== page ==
Jim Schenck said...

I think the issue about the current health care debate is on the appropriate role of government.

No argument, Ken, that we are to live and love one another. But should that love be meted out through the government or through the church? And granted, the church has dropped the ball. My concern is that the we are giving over to the government duties that should be the church's.

As a practical matter, our taxes will go up, as anything the government touches becomes more expensive. That will leave less in Christians' pockets to do their own charitable giving. I wonder how, long term, this will affect missions, non-profits, etc...

Anonymous said...

I think the comments in this post that continually show the selfishness of today's mainstream Christianity answer your question. Basically, take care of yourself and deal with your own problems and don't ask or expect any help or support, you're obviously a failure who deserves nothing. How you can abuse healthcare is beyond me. As a person with no healthcare coverage, I'm so glad my life isn't worth jack crap to my fellow "Christians". I wouldn't want to be an enabled and dependent moocher on your precious tax dollars which apparently I don't pay either, would I?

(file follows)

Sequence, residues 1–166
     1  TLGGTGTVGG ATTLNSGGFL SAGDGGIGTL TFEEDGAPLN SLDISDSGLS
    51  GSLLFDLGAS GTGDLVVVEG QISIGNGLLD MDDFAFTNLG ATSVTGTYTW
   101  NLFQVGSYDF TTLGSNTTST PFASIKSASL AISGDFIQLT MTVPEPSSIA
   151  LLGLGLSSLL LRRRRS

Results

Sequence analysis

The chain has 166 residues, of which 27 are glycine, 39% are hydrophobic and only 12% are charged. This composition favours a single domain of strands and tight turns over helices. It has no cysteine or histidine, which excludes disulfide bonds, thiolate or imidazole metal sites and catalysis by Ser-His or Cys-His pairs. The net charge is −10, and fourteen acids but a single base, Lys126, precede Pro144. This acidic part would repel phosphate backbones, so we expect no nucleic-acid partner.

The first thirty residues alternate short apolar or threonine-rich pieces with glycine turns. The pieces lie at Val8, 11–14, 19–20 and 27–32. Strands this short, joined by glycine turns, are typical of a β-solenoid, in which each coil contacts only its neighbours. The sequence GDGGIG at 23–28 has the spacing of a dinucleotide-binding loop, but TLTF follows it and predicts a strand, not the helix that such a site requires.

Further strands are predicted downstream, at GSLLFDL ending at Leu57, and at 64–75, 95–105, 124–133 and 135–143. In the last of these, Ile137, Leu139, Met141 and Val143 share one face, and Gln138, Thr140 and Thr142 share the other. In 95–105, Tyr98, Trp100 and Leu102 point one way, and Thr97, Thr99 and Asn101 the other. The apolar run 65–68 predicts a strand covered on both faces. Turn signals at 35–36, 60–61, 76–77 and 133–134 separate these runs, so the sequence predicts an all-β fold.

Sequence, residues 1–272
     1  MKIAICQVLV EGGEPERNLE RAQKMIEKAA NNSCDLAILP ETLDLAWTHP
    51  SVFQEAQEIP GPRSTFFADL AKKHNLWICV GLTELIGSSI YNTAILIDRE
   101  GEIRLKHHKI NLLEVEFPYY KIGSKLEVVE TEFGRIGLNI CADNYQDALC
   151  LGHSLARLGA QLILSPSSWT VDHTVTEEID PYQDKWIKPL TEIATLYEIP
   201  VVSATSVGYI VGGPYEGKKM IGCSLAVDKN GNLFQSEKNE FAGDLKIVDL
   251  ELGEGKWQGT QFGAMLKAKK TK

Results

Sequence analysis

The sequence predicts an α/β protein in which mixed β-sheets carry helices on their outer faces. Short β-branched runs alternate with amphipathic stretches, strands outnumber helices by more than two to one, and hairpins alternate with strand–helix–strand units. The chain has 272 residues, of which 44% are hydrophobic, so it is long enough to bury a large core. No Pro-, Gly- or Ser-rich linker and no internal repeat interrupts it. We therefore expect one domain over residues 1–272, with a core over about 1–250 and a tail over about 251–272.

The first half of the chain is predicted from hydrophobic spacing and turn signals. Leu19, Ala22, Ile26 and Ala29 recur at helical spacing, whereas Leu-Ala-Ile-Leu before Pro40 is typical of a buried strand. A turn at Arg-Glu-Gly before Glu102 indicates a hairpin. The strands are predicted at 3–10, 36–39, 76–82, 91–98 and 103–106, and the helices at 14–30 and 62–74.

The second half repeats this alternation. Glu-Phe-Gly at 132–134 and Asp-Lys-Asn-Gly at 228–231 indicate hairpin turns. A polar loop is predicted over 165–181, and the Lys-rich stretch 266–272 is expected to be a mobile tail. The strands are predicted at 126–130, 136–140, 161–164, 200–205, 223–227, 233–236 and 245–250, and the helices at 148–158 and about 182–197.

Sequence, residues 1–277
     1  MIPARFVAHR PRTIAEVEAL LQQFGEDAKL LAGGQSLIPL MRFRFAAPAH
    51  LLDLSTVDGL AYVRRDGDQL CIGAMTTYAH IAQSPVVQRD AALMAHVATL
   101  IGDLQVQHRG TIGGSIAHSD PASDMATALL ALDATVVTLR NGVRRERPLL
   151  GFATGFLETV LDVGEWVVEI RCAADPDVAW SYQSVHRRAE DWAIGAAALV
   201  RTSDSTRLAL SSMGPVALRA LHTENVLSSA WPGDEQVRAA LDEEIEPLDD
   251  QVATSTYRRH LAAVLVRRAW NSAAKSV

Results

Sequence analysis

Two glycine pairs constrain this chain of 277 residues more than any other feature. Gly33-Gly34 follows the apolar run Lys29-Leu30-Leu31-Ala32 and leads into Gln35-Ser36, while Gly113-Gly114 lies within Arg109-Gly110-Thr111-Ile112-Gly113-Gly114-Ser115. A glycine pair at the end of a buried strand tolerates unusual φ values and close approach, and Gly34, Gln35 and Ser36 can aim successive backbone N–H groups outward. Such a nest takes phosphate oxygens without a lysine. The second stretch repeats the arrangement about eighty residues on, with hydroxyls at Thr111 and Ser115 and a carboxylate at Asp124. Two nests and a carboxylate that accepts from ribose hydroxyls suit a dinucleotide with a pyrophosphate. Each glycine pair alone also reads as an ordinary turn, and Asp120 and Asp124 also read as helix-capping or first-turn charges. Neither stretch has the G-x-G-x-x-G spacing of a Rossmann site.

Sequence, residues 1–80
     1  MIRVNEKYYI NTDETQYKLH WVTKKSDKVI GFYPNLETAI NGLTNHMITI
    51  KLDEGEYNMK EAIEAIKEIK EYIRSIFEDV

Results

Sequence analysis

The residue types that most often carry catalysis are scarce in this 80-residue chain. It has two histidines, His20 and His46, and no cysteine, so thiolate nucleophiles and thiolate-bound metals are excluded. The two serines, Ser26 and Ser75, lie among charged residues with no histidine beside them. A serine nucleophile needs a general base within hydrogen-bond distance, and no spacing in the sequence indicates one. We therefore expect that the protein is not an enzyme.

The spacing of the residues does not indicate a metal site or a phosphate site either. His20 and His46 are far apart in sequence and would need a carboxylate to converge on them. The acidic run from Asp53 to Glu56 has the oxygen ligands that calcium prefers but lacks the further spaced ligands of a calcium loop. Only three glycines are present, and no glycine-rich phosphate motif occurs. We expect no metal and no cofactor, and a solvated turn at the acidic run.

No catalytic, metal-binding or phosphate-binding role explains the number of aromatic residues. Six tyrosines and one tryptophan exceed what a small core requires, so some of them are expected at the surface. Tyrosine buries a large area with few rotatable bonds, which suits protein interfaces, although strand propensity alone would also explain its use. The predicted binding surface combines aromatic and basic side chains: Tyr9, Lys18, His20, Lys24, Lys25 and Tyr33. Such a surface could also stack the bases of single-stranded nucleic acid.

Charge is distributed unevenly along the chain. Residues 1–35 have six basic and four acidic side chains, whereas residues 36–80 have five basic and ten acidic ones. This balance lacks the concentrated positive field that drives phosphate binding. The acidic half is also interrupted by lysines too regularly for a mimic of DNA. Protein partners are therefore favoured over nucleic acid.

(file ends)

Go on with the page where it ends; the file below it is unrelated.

And contraceptives are a healthcare issue, hate to tell you, John Mark. But then again, it's for the health and well being of women, so who cares?

This is why people are leaving the faith and the church in droves. Sane people anyway. People who can warp Jesus' words to such a idiotic degrees of selfishness and to the worship of consumerism and Ayn Rand ideology can keep their so called "religion". Their hateful voice is louder than the truth and love of a faith they claim to belong to.

John Mark said...